Taube earned his PhD in inorganic chemistry at UC Santa Barbara and then spent three and a half years at UC San Diego doing post-doc work before moving into industry. He worked as a catalyst chemist for ten years and another ten years in safety at Catalytica in Mountain View before coming to the ALS. Taube also taught freshman chemistry at Cal State Hayward for several years. His broad background has given him the ability to appreciate the many types of scientific research at the ALS, and to explain and elaborate upon it for his tour groups.
Steve Rossi, Project and Facility Management
Around this time of year, Steve Rossi, project and facility management group leader at ALS, shifts his focus to shutdown mode. Preparation and planning for the weeks that the ALS is out of commission is a huge part of Rossi’s job. While much of this is invisible to users, all of it is absolutely essential to the maintenance and growth of the ALS.
“This is a pivotal shutdown,” says Rossi. “We have many multi-year projects that are finally coming to fruition.”
The ALS shutdown is scheduled for February 4 through April 8, 2013, which is slightly longer than usual to accommodate this year’s to-do list. Rossi’s list includes work on the ALS controls upgrade, sextupole magnet installations, MAESTRO front-end and beamline installation, an RF power supply upgrade and replacement of the storage ring bend magnet power supply.
“At the ALS we’re always chasing an increase in performance and reliability,” says Rossi. “And shutdown is when we work towards reaching those goals.”
The RF upgrade, a $4.8 million project, and the controls upgrade, a $7.6 million project, have been many years in the planning stage, says Rossi. The work on these two projects will largely be transparent to users, but they are essential to the future of the ALS – the controls upgrade will update and replace an aging controls system and the RF upgrade will give the ALS vastly improved backup capabilities in addition to the ability to provide more RF power to the storage ring.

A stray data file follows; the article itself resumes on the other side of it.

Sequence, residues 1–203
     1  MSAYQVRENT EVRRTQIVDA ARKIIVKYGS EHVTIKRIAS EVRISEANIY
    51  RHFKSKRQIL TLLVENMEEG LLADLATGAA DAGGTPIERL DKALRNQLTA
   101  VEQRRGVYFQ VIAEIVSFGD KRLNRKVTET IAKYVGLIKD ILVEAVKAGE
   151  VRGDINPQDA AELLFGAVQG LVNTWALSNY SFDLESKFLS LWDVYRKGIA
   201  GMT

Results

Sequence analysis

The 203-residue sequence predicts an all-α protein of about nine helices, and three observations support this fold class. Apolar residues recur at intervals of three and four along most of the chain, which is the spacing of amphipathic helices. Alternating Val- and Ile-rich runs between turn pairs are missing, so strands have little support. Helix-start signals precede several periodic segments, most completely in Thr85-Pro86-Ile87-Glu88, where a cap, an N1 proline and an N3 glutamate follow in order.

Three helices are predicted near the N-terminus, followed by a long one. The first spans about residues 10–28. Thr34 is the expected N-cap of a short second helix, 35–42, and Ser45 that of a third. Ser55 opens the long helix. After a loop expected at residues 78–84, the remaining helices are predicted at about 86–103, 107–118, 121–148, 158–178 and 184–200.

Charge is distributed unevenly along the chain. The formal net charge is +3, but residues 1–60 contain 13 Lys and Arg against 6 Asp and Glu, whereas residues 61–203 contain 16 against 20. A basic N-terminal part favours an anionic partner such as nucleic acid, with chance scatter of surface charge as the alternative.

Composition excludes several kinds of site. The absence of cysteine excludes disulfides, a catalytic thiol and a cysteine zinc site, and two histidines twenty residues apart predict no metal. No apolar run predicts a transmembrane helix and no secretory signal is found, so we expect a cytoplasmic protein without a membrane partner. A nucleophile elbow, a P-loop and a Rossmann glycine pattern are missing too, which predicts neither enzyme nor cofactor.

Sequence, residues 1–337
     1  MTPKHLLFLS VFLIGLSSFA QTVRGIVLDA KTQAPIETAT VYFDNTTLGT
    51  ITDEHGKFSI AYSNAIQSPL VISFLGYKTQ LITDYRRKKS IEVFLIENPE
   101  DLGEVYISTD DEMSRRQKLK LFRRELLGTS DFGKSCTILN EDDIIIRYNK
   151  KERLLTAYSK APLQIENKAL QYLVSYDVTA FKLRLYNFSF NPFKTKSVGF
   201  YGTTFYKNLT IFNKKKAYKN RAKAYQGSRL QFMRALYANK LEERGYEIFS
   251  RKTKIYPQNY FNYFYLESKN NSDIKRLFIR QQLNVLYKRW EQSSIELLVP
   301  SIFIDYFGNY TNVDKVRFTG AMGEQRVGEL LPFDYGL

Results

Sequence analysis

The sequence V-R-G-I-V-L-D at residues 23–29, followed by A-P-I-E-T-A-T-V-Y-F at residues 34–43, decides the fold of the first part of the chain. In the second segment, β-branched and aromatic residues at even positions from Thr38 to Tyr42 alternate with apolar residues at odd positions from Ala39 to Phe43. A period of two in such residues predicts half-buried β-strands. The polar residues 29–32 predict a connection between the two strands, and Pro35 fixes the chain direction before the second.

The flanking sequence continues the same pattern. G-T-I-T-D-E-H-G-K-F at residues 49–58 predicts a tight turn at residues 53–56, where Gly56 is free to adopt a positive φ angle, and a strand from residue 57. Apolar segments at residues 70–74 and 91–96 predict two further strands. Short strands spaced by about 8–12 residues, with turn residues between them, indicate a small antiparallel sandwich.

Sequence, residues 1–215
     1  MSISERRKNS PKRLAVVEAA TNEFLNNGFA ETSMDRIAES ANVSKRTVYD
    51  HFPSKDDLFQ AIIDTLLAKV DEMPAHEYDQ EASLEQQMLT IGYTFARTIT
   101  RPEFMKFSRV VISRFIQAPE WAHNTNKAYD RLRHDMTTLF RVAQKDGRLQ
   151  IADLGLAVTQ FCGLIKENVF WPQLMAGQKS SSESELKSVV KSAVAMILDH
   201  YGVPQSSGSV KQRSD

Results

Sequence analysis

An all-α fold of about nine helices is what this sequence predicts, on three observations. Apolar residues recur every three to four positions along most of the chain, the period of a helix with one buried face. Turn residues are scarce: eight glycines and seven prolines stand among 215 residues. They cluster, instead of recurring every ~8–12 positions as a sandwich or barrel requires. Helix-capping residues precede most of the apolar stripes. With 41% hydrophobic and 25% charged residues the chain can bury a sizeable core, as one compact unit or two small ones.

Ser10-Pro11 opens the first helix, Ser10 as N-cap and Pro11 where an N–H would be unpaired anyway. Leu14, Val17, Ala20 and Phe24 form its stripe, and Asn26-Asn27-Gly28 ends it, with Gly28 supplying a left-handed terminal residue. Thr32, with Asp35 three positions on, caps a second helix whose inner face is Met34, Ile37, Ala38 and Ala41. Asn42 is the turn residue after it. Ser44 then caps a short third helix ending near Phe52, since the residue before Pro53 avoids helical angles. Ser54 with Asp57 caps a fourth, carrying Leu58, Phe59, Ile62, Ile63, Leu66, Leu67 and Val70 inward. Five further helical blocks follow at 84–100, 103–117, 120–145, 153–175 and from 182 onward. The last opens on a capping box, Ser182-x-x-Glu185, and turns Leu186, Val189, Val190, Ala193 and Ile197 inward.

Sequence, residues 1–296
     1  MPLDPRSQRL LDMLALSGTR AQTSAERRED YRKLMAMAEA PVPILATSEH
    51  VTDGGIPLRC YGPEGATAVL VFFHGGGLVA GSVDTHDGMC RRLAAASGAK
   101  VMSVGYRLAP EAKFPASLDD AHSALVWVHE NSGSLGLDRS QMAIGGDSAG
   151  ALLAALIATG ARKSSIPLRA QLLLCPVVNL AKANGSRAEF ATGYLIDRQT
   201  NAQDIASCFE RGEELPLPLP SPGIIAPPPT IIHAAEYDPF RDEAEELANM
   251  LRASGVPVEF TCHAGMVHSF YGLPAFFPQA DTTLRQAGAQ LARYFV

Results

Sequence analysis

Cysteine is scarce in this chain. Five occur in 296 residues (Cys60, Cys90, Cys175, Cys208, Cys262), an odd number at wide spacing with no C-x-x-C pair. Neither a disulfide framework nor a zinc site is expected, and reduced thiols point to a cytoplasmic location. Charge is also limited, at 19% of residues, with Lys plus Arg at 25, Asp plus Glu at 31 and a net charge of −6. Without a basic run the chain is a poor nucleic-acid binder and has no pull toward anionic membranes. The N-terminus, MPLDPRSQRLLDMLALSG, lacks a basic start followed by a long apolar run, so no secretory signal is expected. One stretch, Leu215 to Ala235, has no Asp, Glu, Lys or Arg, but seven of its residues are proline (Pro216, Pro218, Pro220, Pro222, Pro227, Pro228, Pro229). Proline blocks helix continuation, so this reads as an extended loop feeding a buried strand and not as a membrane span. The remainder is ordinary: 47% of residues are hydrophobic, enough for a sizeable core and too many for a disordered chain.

“We’re doing our job right if users never notice the work we’ve done,” says Rossi, “because that means we’re identifying our vulnerabilities and investing in them before our users see them.”
This forward-looking viewpoint is what much of Rossi’s work is based on. He describes his position as “an inch deep and a mile wide,” which is apt when taking into consideration what he’s responsible for – the overall project portfolio of the ALS and the oversight and coordination of maintenance and facility projects. As such, Rossi often serves as a bridge between operations and technical staff – coordinating projects and the players involved in carrying them through to fruition. He describes his management philosophy as “not looking into the past, but projecting into the future.”
Elke Arenholz, Senior Scientist, Scientific Support Group
Senior scientist Elke Arenholz has seen a lot of changes at Beamlines 4.0.2 and 6.3.1 since she arrived at the ALS in 2000, but what brought her here initially is still what keeps her passionate about her work – designing new instrumentation and working with the user community to optimize research capabilities.
Arenholz’s first big project at the ALS ended up becoming her “claim to fame” – an eight-pole electromagnet that provides magnetic fields up to 0.8 T in arbitrary directions relative to the incoming x-ray beam.
“It was really exciting to build and it had a huge impact right away because we were able to use it characterize materials in a way that no one had before,” says Arenholz. “It was the first device installed at a synchrotron that could apply the magnetic field in any direction, instead of just having it parallel to the x ray beam.”
Arenholz has continued with this theme ever since, always asking: “How can we extract some new information?” Typically, the answer involves working with engineering to create a new experimental configuration.
“I want to understand very fundamentally the interaction of x-rays with magnetic materials, and to do that I build new systems that people haven’t used before,” says Arenholz. “It’s a lot of fun, and we are really lucky to have a wonderful engineering department here at the Lab with lots of experts.”
In 2011, her group, which includes Beamline Scientists Catherine Jenkins and Padraic Shafer, completed work on a first-of-its-kind, ARRA-funded superconducting vector magnet. The magnet, which is a superconducting version of Arenholz’s eight-pole electromagnet, provides fields up to 5 T in arbitrary directions.
Arenholz has focused on spectroscopy for much of her career, but she has recently turned her attention to scattering—studying x ray diffraction patterns from periodic structures on the nanoscale. Once again, this shift required building a new endstation. The LDRD-funded system that was installed at Beamline 4.0.2 last fall uses a superconducting disc of 0.8” diameter to generate 4T at the sample while still allowing maximum flexibility for the scattering geometry.